The Manila Times quotes Dennis Arroyo, assistant director of NEDA’s National Planning and Policy Staff, as saying any increase in wages will worsen the county’s labor competitiveness. "... [A wage increase] would further worsen our competitiveness, inflation, unemployment and gross domestic product," Arroyo said.
Some quick thoughts on the matter:
A fact sheet from the National Statistical Coordinating Board points out that the present minimum wage for the National Capital Region (NCR) of $5.54 is actually higher than Vietnam ($0.93), China ($0.31 to $1.28), Indonesia ($1.36) and Thailand ($3.36 to $4.25). Any further increase will make Philippine labor more expensive compared to our neighbors of comparable economic development. I buy this argument, alright, but I wonder how can people in Vietnam and China cope on so little? If ever there is a pressing need for legislative inquiry, it is for this one: to know the best practices of the Vietnemese and Chinese on scrimping. In the face of the massive discrepancy between the country's present minimum wage and the living wage (as calculated by the government itself here), I find it cruel to dismiss demands for minimum wage increase by saying there are people more hard up than we are. By the way, did you ever wonder why the onus of productivity is always on labor? What about that other means of production--capital ?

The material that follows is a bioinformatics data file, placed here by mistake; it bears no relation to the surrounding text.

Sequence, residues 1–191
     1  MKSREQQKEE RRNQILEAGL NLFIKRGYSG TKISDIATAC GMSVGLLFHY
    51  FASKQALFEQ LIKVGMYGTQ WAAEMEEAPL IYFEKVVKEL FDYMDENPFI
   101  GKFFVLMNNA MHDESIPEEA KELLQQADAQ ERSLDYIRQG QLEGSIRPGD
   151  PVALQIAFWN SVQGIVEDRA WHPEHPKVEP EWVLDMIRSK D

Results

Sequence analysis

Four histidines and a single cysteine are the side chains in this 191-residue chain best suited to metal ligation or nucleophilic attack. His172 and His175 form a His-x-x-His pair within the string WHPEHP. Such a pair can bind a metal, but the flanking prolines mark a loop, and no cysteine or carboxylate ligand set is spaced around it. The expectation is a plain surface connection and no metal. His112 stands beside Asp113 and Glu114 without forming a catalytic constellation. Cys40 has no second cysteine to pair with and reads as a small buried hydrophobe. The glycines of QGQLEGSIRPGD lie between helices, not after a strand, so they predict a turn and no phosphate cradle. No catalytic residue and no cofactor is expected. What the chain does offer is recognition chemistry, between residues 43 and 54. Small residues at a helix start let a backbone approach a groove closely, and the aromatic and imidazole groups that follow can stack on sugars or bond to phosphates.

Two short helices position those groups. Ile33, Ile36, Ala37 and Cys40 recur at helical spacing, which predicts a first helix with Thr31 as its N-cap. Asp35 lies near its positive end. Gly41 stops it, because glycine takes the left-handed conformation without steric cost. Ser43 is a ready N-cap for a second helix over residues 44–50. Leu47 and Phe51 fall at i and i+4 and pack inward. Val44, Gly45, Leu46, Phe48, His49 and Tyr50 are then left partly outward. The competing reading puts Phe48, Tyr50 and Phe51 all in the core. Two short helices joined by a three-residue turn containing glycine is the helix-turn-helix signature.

Will increasing the minimum wage cause people to lose jobs? Economic orthodoxes would answer yes. It is natural for businesses to retrench following increased wage costs, right? Wrong (or at the very least not as decisively correct as Arroyo would have us believe). There is a justifiable place for economic agnosticism in the issue of minimum wage and unemployment. In the case of Indonesia, for example, in the early 1990s, the minimum wage was doubled in real terms (tripled in nominal terms) and yet that dramatic wage hike had no effect on over-all employment (See The consequences of doubling the minimum wage: The case of Indonesia. Martin Rama, Industrial & Labor Relations Review, Ithaca: Jul 2001, Vol.54, Iss. 4; pg. 864, 18 pgs). What explains this ? Joseph Stiglitz thinks a mandated wage increase would be expected to raise productivity by almost enough to offset the higher cost of labor, so the status quo ante, prior to the wage increase, is preserved.
So what are we to do? What is my point? Only this: Contrary to what people like Arroyo of NEDA says, economics presents no decisive answer on the issue of the effects of raising the minimum wage. It is not necessarily an economist's nightmare. A moderate minimum wage increase is workable and there is room for maneuver. Too bad though that President Arroyo, a Ph. D. economist, prefers to leave the hard decisions on the regional wage boards instead, the members of which, I presume, know less economics than herself.